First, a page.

Benefits Of Vaccinations

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I take the position that vaccinations are safe and the benefits outweigh the risks. The issue of whether or not to vaccinate children has been a controversial topic for many years. Vaccinations have been described as one of the greatest achievements to public health saving millions of lives by reducing or eradicating infectious diseases. The American Academy of Pediatrics (AAP) and the Centers for Disease Control and Prevention (CDC) recommends that children be vaccinated to protect against the spread of disease. According to these agencies vaccines are safe and non-toxic with only some mild side effects. Opponents argue that vaccines contain harmful ingredients that should not be injected into children because they can cause serious side effects.…show more content…
The risk of an allergic reaction such as anaphylaxis happens in about one per million children who receive a vaccination. Critics also state that a bowel blockage called intussusception is linked to the rotavirus vaccine and affects one per 20,000 children in the United States. CDC The vaccine given for diphtheria, tetanus, and pertussis (DTaP) has side effects causing comas, seizures, and brain damage. The greatest argument critics have against vaccines is that it causes autism. The debate on whether or not vaccinations actually cause autism has been widely publicized and has been going on for…show more content…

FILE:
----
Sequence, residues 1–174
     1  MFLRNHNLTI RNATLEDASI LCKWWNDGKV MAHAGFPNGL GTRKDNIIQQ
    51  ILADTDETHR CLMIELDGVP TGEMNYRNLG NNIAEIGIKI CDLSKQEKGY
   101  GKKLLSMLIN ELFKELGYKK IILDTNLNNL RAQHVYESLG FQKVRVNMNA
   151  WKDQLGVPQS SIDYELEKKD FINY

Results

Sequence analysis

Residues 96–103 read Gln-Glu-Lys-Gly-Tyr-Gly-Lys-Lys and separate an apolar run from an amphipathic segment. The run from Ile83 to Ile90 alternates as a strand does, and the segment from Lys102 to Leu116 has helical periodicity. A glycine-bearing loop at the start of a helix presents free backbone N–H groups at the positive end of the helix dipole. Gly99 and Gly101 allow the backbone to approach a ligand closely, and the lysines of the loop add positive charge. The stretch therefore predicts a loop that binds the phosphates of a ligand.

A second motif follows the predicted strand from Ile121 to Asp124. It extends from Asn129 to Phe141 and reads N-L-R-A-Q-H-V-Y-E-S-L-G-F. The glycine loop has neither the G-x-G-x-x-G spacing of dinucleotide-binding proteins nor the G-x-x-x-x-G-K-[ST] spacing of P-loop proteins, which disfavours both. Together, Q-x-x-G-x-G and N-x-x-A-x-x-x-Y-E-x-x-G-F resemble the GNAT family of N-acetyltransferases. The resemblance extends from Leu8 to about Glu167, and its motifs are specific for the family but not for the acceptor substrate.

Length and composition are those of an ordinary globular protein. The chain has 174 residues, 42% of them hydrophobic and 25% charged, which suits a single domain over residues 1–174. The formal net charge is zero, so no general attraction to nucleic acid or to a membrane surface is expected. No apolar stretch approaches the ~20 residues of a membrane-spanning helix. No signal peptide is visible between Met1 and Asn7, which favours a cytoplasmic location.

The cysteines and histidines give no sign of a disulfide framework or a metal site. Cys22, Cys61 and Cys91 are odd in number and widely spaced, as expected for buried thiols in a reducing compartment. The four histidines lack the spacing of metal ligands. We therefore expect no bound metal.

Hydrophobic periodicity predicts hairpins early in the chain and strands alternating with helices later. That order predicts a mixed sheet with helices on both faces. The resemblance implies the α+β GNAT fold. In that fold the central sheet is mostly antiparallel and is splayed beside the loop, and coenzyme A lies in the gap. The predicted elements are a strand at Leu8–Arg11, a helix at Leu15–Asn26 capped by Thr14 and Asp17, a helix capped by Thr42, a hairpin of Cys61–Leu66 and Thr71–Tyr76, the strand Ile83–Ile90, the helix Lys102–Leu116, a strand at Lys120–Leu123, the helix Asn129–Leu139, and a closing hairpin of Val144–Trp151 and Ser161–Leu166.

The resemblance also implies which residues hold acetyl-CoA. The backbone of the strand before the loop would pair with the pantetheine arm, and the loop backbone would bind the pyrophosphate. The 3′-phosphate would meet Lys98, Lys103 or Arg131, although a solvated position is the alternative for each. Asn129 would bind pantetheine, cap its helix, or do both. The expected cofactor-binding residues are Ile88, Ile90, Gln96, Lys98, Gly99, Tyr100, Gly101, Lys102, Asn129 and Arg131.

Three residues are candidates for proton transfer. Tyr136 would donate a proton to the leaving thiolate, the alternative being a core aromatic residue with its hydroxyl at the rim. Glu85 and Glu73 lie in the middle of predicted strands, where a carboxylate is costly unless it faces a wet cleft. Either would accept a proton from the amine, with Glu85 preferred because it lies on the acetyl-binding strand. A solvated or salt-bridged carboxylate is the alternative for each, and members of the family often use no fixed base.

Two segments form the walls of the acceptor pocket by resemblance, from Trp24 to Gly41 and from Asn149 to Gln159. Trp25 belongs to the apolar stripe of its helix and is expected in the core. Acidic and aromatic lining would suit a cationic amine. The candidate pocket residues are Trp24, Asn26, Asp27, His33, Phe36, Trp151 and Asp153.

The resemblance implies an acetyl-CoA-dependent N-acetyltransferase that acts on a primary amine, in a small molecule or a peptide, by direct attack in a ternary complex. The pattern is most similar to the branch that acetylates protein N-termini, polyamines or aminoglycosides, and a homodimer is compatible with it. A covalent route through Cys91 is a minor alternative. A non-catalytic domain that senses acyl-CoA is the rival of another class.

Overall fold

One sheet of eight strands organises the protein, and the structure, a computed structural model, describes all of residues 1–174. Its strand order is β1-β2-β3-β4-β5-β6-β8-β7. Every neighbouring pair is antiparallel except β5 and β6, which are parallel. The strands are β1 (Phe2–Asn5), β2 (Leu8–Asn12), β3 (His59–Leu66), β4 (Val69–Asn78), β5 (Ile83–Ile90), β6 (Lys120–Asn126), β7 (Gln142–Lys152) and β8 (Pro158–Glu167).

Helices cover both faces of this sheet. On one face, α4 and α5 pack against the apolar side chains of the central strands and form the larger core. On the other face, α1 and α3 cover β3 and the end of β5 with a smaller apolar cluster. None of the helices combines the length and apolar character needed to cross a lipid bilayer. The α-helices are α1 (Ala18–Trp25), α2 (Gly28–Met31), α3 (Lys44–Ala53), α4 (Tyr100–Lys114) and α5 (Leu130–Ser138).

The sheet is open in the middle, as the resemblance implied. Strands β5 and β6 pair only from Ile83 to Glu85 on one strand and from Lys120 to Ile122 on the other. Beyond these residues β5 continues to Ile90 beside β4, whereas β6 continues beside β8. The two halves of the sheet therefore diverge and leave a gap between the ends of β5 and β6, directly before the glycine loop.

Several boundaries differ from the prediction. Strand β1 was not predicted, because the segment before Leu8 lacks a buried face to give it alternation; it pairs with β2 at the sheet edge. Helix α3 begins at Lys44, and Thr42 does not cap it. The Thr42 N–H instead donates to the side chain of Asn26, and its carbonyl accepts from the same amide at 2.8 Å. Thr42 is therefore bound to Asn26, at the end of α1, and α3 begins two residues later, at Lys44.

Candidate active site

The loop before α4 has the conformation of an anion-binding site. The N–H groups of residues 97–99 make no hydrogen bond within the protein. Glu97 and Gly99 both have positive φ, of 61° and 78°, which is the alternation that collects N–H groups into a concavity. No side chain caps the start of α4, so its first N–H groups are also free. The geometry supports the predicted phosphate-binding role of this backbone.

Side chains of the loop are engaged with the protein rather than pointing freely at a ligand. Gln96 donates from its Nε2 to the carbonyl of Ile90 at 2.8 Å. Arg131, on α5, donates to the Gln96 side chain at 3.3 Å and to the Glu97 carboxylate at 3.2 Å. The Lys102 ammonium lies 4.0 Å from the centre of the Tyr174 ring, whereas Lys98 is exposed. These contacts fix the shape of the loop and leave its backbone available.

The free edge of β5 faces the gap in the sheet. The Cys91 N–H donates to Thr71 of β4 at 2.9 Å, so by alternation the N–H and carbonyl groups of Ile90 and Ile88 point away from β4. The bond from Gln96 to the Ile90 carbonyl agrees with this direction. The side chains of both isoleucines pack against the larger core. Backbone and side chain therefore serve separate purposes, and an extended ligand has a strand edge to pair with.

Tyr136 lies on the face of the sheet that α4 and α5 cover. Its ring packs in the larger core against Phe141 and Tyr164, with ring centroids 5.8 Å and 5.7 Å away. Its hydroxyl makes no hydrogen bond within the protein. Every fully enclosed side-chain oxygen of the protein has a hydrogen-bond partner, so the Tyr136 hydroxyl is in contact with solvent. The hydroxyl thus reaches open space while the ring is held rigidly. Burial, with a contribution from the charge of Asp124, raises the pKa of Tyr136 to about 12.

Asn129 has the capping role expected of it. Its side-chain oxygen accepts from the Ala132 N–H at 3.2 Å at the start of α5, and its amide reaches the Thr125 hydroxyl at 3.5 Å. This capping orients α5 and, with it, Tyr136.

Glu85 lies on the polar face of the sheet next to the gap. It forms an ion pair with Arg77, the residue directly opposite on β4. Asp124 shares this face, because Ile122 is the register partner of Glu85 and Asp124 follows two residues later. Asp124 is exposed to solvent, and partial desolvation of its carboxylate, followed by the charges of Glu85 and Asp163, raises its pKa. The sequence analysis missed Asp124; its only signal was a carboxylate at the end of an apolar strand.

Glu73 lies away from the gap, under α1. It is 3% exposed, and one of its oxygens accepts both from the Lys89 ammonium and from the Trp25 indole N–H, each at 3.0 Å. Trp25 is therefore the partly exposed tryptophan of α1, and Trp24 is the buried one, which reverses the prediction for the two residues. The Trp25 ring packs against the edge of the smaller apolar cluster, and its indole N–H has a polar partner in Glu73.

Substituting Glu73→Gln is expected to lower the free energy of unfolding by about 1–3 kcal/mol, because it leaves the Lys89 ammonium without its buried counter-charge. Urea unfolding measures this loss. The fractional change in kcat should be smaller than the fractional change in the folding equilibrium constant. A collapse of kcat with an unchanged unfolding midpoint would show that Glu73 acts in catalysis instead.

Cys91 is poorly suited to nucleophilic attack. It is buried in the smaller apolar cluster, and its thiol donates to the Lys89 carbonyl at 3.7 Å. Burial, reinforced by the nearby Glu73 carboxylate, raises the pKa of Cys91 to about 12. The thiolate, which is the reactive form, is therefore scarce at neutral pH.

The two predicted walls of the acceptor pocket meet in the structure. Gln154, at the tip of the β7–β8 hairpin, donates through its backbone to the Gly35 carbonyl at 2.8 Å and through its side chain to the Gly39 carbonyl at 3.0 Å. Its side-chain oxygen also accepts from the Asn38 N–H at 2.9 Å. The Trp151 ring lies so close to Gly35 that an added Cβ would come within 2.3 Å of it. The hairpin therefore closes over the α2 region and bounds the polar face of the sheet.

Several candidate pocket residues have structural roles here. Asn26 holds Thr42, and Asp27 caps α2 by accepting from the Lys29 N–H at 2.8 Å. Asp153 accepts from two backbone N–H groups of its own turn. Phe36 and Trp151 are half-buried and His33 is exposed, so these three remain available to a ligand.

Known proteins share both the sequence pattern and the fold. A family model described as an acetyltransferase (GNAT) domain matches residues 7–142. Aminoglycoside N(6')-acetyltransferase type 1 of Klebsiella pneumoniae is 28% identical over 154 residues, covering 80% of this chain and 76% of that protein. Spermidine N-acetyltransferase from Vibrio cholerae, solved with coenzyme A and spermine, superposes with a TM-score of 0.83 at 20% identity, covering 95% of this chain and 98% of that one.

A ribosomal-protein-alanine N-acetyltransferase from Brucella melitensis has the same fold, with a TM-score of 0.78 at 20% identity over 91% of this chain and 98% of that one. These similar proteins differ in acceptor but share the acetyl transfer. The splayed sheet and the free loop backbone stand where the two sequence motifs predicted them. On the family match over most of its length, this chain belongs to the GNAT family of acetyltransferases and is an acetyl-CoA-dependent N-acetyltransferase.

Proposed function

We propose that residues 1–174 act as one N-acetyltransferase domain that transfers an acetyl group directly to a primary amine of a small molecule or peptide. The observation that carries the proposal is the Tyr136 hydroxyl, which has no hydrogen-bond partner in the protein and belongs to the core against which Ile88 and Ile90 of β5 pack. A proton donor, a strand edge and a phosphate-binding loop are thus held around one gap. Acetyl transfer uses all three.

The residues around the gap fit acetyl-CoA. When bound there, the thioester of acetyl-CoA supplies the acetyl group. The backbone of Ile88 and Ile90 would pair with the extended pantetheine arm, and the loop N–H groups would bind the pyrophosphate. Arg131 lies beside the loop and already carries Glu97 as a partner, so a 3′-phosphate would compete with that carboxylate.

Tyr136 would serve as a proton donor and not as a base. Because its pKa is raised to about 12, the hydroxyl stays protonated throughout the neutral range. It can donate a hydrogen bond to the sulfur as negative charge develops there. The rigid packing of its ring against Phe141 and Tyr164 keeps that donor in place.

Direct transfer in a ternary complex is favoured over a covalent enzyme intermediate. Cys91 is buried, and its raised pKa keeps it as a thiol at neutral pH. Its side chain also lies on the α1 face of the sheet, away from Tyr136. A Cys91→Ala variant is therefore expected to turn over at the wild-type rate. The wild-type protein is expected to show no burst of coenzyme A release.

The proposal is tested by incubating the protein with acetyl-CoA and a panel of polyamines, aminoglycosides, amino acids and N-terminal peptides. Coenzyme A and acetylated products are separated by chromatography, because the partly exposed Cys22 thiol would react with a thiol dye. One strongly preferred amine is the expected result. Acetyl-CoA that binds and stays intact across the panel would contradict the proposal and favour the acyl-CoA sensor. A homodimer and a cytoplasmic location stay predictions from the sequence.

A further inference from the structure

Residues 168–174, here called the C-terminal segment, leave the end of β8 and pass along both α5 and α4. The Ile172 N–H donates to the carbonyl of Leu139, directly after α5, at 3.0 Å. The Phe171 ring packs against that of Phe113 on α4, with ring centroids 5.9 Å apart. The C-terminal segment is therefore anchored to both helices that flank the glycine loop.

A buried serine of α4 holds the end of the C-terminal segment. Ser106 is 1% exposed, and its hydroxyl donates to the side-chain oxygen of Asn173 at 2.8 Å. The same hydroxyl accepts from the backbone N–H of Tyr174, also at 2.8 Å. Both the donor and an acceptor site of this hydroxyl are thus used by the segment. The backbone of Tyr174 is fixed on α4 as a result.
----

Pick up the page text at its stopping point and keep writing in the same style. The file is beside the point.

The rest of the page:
Due to advances in modern medicine diseases such as polio, small pox, rubella, and diphtheria have been eliminated completely in the United States. Vaccination do have some mild side effects such as fever, pain and tenderness at the injection site, but compared to the diseases they are preventing I think that vaccinations are better. The critics that argue the side effects are dangerous and cause more harm than good are not looking all the medical evidence that shows serious side effects and allergic reactions are very rare. In regards to the critics arguments that vaccines have been linked to autism has also been deemed untrue through medical research. The study that started the debate over autism was done in 1998 by Andrew Wakefield with a paper he published. He stated that the measles, mumps, and rubella (MMR) vaccines contributed to autism. Studies were done that showed his claims were not true and not based on scientific evidence, but concerned parents were beginning to question the safety of vaccines and so the debate continued.

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